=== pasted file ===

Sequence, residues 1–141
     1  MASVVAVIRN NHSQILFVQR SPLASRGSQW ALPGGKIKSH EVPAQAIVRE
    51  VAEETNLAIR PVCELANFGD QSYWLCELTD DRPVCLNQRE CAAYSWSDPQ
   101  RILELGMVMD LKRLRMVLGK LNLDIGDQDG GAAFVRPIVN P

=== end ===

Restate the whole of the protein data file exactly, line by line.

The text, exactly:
Sequence, residues 1–141
     1  MASVVAVIRN NHSQILFVQR SPLASRGSQW ALPGGKIKSH EVPAQAIVRE
    51  VAEETNLAIR PVCELANFGD QSYWLCELTD DRPVCLNQRE CAAYSWSDPQ
   101  RILELGMVMD LKRLRMVLGK LNLDIGDQDG GAAFVRPIVN P